It’s no secret that Shohei Ohtani is a unicorn.
Last season, Ohtani became the first person in MLB history to qualify for both the batting and ERA titles – this season, he’s pitching to a 3.50 ERA while hitting .303 with an MLB-leading 33 home runs and 1.046 OPS.
There hasn’t been anyone like Ohtani ever in the sport – no, not even Babe Ruth did this. So, how does he do it?
Well, even some of the smartest minds the game has ever seen don’t have a clue.
Ohtani struggled against Dusty Baker’s Houston Astros on Friday night, leaving a third-consecutive start early with an ongoing blister. But one rough start – five innings of four-run ball – shouldn’t take away from what the 2021 MVP (and frontrunner to win this year) has done throughout his career.
“The greatest strength he has is as a ballplayer, he doesn’t have any weaknesses,” Baker told The Associated Press. “I don’t know another guy like him. He must be in tremendous, tremendous shape to pitch and hit every day.”
Yes, Ohtani is simply a freak athlete. His 6’4″, 210-pound frame is one of the game’s best hitters, pitchers, and baserunners. Don’t ask Baker how it’s happened, but he has a feeling Ohtani may not get out that much.
“I’m trying to figure out, when does he train, and when does he run to get his endurance? I’m sure he does. He must be an extremely dedicated guy,” he added.
“:He has to be probably one of the cleanest livers around, because he’s working every day on something. I admire him.”
The 29-year-old has more than lived up to expectations since he joined the major leagues in 2018. Dubbed the “Japanese Babe Ruth” when he arrived, he was named the American League Rookie of the Year with a .285 average and .925 OPS while pitching to a 3.31 ERA and striking out 11 batters per nine innings. He became the first player in MLB history to hit at least 20 home runs and strike out at least 60 batters in the same season.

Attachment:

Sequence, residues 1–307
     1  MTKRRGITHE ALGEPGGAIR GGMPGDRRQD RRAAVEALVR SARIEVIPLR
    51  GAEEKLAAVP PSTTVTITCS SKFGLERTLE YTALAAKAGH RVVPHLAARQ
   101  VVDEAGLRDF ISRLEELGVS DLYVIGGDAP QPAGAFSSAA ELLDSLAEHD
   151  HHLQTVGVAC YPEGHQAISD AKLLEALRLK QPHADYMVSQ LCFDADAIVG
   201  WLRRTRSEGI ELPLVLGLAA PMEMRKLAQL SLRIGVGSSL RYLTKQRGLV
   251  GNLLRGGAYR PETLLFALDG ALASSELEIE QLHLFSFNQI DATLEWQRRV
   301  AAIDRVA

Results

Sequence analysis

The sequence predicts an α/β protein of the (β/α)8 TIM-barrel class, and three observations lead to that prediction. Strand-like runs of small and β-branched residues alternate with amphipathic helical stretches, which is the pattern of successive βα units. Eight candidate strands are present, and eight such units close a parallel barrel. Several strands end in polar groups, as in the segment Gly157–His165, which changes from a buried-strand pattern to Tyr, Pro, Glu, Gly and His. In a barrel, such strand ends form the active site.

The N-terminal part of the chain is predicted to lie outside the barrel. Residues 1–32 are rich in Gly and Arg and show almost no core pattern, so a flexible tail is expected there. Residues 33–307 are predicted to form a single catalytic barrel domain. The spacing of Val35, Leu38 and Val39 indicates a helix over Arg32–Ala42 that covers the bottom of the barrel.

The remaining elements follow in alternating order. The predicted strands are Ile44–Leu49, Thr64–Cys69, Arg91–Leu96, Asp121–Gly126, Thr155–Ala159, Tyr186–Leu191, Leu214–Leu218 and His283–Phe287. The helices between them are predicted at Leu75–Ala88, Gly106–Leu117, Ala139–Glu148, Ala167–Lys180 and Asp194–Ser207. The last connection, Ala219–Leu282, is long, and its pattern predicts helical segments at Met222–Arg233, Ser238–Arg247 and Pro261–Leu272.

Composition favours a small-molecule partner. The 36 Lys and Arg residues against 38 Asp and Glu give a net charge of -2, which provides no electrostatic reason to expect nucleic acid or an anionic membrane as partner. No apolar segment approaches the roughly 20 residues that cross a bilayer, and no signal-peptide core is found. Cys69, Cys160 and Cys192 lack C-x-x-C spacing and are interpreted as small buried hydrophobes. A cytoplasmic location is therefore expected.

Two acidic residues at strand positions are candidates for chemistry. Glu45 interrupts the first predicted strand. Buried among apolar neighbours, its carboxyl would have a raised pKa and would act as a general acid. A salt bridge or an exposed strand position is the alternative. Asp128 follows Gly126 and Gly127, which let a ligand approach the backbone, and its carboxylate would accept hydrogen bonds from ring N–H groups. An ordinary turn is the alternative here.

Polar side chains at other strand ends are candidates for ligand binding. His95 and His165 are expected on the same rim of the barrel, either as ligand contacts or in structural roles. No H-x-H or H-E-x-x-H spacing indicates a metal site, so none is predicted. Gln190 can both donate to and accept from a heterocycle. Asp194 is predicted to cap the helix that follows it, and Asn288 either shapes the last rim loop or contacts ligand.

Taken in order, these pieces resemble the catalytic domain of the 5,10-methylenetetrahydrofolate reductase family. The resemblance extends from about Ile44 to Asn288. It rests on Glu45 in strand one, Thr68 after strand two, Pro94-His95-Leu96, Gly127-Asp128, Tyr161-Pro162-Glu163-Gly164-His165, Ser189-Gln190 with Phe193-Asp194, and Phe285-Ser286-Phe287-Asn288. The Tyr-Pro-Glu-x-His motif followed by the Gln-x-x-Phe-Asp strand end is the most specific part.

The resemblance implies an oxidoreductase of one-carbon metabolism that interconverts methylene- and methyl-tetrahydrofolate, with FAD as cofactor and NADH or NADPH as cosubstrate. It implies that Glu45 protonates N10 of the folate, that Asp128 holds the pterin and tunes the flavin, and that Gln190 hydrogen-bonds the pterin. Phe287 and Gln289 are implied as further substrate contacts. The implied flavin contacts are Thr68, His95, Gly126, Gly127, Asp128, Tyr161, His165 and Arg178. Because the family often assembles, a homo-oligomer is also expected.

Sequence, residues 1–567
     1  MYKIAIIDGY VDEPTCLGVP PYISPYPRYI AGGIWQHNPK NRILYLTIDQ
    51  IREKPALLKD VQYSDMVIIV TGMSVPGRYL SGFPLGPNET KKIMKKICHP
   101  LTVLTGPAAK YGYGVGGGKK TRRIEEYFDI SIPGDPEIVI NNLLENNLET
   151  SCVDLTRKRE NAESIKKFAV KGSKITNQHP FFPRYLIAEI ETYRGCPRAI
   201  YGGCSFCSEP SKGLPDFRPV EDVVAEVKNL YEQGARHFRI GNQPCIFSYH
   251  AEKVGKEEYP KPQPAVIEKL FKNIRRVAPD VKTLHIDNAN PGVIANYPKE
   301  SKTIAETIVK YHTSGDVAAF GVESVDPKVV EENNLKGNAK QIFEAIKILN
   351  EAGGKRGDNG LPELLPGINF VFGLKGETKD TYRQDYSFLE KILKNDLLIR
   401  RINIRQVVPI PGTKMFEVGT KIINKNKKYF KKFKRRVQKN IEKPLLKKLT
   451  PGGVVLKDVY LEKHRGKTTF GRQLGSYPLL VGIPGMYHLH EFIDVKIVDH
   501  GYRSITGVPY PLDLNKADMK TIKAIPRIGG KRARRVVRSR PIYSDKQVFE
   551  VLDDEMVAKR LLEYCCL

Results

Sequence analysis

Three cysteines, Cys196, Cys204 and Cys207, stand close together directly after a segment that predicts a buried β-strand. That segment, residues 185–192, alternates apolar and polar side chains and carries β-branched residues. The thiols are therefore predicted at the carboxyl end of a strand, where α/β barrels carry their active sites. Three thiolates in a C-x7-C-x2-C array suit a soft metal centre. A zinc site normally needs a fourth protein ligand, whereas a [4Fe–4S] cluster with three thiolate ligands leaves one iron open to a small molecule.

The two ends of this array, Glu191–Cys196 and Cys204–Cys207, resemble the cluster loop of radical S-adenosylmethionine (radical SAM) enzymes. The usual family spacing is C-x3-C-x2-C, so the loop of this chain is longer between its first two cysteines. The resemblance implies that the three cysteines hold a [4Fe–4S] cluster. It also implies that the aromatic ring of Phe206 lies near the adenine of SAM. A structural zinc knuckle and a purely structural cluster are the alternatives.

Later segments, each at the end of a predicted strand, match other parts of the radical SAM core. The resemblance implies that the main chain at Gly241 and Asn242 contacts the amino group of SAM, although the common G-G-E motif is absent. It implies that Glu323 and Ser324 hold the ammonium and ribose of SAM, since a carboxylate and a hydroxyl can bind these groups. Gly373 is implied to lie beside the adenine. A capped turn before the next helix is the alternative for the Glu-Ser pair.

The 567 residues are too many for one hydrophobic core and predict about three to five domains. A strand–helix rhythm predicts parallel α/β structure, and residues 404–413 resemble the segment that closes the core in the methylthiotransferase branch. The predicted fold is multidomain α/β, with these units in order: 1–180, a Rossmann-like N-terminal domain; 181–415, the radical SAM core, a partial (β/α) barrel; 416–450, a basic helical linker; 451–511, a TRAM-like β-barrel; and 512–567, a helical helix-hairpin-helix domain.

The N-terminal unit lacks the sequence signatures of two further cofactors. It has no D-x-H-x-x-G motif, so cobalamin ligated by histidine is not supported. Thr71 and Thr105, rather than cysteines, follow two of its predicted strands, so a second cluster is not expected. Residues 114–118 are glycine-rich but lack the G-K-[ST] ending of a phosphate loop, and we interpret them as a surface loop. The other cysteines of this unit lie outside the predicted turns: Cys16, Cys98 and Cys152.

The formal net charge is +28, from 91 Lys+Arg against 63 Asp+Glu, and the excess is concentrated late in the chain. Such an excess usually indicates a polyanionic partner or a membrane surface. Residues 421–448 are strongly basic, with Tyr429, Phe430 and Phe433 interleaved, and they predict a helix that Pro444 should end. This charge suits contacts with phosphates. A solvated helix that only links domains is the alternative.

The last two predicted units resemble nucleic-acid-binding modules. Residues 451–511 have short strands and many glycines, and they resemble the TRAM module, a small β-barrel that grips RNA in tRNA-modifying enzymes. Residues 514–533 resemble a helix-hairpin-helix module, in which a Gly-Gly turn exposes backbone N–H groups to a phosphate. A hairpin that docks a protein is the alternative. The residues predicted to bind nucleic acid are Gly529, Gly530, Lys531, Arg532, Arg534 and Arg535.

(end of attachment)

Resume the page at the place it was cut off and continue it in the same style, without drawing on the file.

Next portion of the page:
He was the unanimous AL MVP in 2021 with 46 homers — the third most in baseball — and 100 RBIs with a .965 OPS. He also recorded a 3.18 ERA, which was the eighth-best mark in the AL among pitchers with at least 130 innings thrown.
Last year, his 2.33 ERA was the sixth-best in baseball, while his .875 OPS was the 10th-highest in the majors, proving that the previous year was no fluke. If it weren’t for Aaron Judge‘s race for a Triple Crown while tying Roger Maris for the most home runs in a single season by an American League player, Ohtani would have won the MVP again.
With the trade deadline approaching later this month, and Ohtani’s Los Angeles Angels likely to miss out on the postseason for the ninth straight season, his team certainly has a decision to make, as they risk losing maybe the most talented player ever for nothing in free agency.
At the same time, trading away such a player seems like it could just never make sense.